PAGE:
Throwing back to the initial stages of the lore - namely post-Mars but pre-outer Solar System - we get a taste of where things actually started, the event which opened up the wider Expanse to the human race. It's the perfect basis for a novella and entirely optional to the main story, but gives some essential flavour and basis to some of the deeper rooted politics that have developed since.

A great stint, but I'm glad that there's a real book next.

Wednesday, August 23

Film: Blue Beetle Click for more info

Anyone would think that a superhero movie about a super powered boy dressed up as an insect is either a sign of oversaturation or satire. Blue Beetle is not the latter, but neither was the film as bad as its odd concept.

Overall though there was nothing special nor new in this paint-by-numbers origin story. We had the evil corporation, the overpowered villain, the naive heroes and the coming of age and redemption. Yawn etc.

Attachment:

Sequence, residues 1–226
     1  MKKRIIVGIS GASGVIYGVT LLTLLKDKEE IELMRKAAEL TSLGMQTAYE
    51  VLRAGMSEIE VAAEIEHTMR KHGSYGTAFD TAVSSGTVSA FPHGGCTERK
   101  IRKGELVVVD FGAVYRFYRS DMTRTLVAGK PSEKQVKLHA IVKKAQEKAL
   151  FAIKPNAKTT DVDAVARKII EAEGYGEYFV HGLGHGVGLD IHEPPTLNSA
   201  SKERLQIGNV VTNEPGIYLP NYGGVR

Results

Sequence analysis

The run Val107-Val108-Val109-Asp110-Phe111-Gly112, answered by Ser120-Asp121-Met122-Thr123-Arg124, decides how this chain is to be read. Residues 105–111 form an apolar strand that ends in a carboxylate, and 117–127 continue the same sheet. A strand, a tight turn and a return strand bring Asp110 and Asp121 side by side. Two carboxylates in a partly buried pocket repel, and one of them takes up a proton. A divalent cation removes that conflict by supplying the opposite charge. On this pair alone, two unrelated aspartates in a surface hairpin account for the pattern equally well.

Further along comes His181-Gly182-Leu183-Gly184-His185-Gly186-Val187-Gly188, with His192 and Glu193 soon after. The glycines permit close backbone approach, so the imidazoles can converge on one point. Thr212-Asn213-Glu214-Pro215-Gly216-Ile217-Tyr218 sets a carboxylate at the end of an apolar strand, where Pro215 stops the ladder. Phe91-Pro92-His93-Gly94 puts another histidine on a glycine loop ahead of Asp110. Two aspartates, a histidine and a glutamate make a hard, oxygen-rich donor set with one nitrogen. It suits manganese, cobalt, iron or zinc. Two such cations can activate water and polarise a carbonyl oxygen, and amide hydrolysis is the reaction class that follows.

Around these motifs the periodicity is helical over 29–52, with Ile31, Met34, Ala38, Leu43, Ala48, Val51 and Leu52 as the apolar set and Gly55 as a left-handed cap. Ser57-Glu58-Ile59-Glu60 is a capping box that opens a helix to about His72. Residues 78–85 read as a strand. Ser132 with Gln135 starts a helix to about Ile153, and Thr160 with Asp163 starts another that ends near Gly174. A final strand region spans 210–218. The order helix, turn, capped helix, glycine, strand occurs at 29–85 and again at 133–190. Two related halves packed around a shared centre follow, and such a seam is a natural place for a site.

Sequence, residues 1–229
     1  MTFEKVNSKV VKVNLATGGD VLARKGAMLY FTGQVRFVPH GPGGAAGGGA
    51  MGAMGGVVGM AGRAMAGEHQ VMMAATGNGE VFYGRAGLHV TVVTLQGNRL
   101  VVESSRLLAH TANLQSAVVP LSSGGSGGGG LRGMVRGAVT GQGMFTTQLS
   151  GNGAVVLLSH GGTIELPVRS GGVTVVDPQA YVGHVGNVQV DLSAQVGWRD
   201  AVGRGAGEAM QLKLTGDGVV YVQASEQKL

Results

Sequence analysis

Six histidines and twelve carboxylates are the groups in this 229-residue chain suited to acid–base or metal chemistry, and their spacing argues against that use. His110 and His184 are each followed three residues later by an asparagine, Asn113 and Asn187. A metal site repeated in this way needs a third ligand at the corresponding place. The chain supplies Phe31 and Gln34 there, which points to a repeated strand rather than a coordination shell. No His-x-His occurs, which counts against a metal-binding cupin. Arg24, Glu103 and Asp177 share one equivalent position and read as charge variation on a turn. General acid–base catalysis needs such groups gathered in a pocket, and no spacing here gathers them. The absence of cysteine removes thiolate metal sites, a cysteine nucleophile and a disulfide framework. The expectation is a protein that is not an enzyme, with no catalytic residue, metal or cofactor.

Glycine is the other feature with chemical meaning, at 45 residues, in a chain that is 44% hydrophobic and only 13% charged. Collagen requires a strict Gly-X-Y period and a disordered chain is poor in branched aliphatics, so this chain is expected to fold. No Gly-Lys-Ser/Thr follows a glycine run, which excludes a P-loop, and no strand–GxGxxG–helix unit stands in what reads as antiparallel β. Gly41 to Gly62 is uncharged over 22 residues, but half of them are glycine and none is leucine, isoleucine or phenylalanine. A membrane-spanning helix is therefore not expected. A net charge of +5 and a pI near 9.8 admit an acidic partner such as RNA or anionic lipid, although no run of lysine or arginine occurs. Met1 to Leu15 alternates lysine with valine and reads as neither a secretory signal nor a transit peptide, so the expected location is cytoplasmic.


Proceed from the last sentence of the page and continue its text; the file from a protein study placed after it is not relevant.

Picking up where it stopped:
The action was decent though and some of the super powers fun. The hero himself was whiny and annoying, but I suspect that was by design. The film itself was genuinely charming and funny at times. Overall it fell short of something truly great, but managed to be a decent timepass nonetheless.


Another year, and one would hope that the stats would confirm the theory that COVID had caused a bit of a drought. I haven't exactly sat down to count, but it certainly doesn't feel like I have had anything to write home about. Not much travel, not much eating out, films a little under the pre-pandemic par.